Solar thermal energy (STE) is a technology for harnessing solar energy for thermal energy (heat). Solar thermal collectors are classified by the United States Energy Information Administration as l...
Solar thermal energy (STE) is a technology for harnessing solar energy for thermal energy (heat). Solar thermal collectors are classified by the United States Energy Information Administration as low-, medium-, or high-temperature collectors. Low-temperature collectors are flat plates generally used to heat swimming pools. Medium-temperature collectors are also usually flat plates but are used for heating water or air for residential and commercial use. High-temperature collectors concentrate sunlight using mirrors or lenses and are generally used for electric power production. STE is different from and much more efficient than photovoltaics, which converts solar energy directly into electricity. While existing generation facilities provide only 600 megawatts of solar thermal power worldwide in October 2009, [note 1] plants for an additional 400 megawatts are under construction and development is underway for concentrated solar power projects totalling 14,000 megawatts.
Systems for utilising low-temperature solar thermal energy include means for heat collection; usually heat storage, either short-term or inter seasonal; and distribution within a structure or a district heating network. In some cases more than one of these functions is inherent to a single feature of the system (e.g. some kinds of solar collectors also store heat). Some systems are passive, others are active (requiring other external energy to function).Heating is the most obvious application, but solar cooling can be achieved for a building or district cooling network by using a heat-driven absorption or adsorption chiller (heat pump). There is a productive coincidence that the greater the driving heat from insolation, the greater the cooling output. In 1878, Auguste Mouchout pioneered solar cooling by making ice using a solar steam engine attached to a refrigeration device.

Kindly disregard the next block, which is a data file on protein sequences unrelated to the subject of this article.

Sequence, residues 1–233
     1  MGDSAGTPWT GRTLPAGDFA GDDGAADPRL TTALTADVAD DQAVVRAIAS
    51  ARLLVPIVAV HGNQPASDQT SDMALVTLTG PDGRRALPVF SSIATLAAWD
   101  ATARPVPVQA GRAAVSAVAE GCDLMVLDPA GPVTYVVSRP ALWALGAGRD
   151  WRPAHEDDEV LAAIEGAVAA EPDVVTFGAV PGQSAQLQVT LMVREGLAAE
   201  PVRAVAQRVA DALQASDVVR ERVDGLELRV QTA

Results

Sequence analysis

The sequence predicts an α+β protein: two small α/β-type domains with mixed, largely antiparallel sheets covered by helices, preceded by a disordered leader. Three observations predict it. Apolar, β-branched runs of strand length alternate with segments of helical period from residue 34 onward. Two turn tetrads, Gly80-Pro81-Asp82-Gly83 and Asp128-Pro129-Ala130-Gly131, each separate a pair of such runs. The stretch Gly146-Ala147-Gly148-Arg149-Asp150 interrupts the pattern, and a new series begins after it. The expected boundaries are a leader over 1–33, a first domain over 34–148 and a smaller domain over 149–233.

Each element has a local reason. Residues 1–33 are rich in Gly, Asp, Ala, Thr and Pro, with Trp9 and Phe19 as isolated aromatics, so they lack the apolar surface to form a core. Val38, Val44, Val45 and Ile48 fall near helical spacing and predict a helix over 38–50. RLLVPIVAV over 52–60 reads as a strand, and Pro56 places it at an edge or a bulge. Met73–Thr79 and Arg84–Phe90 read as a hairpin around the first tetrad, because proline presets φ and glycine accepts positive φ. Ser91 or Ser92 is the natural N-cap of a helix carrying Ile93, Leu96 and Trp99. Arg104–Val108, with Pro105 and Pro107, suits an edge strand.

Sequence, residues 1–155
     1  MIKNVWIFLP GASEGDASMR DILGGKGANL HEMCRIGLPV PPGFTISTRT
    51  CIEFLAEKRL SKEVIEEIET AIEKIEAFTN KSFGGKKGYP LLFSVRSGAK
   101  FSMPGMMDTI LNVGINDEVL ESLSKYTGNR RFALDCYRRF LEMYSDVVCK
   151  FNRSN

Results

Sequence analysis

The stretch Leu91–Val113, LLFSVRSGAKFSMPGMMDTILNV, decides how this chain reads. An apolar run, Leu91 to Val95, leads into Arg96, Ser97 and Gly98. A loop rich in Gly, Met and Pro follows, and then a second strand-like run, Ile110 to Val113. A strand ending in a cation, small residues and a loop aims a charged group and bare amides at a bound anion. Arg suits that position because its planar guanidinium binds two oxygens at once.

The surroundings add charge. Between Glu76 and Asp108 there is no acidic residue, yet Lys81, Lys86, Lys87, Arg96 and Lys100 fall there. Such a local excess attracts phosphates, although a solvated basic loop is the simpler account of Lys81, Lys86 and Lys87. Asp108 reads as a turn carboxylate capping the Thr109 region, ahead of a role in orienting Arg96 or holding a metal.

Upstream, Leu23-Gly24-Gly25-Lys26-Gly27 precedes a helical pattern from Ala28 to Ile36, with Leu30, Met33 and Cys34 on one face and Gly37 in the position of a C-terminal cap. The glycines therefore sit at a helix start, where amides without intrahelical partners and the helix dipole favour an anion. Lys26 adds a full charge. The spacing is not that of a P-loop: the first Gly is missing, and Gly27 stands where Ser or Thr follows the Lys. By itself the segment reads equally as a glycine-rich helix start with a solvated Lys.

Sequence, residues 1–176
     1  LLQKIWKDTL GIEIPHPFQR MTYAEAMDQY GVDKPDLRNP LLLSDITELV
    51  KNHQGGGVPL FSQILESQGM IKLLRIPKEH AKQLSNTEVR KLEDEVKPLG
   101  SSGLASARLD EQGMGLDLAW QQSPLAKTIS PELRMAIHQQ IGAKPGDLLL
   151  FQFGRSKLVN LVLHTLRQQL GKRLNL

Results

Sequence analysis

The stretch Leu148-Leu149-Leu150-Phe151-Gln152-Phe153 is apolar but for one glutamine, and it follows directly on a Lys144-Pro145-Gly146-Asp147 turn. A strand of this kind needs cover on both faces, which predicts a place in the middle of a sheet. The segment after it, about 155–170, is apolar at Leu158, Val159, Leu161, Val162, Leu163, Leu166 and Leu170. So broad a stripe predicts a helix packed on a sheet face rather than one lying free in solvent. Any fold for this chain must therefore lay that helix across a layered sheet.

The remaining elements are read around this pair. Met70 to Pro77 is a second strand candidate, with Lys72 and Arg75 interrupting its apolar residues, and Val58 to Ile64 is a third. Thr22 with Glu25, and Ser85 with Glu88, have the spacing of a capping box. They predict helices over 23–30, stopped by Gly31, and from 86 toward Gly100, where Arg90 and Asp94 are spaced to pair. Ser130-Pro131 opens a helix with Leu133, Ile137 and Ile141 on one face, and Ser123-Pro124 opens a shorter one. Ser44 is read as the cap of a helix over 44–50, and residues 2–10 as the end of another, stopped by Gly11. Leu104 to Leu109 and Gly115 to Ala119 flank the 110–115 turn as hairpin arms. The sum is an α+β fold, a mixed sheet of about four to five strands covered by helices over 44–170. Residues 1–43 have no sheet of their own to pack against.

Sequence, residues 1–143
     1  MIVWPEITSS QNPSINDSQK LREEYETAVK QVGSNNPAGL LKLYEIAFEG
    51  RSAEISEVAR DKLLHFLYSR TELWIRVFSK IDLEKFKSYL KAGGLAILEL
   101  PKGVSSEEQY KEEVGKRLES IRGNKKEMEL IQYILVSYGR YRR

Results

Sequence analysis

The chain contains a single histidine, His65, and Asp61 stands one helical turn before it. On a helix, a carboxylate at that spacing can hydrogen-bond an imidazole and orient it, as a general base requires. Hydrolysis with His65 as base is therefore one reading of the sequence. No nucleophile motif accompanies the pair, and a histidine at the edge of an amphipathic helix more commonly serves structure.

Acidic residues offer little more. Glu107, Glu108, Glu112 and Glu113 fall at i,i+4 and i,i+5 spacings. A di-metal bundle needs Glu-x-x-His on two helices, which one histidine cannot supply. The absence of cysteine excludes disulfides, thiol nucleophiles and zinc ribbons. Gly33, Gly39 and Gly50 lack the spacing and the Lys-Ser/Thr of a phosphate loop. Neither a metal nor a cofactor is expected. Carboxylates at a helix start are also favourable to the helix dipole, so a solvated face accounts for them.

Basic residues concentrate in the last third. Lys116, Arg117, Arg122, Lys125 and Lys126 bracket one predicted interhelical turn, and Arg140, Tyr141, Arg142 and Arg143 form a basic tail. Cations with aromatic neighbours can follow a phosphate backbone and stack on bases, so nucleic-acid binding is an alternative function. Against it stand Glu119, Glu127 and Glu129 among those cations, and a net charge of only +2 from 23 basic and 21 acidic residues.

In the United States, heating, ventilation, and air conditioning (HVAC) systems account for over 25% (4.75 EJ) of the energy used in commercial buildings and nearly half (10.1 EJ) of the energy used in residential buildings. Solar heating, cooling, and ventilation technologies can be used to offset a portion of this energy. In Europe, since the mid-1990s about 125 large solar-thermal district heating plants have been constructed, each with over 500 m2 (5400 ft2) of solar collectors. The largest are about 10,000 m2, with capacities of 7 MW-thermal and solar heat costs around 4 Eurocents/kWh without subsidies. 40 of them have nominal capacities of 1 MW-thermal or more. The Solar District Heating program (SDH) has participation from 14 European Nations and the European Commission, and is working toward technical and market development, and holds annual conferences.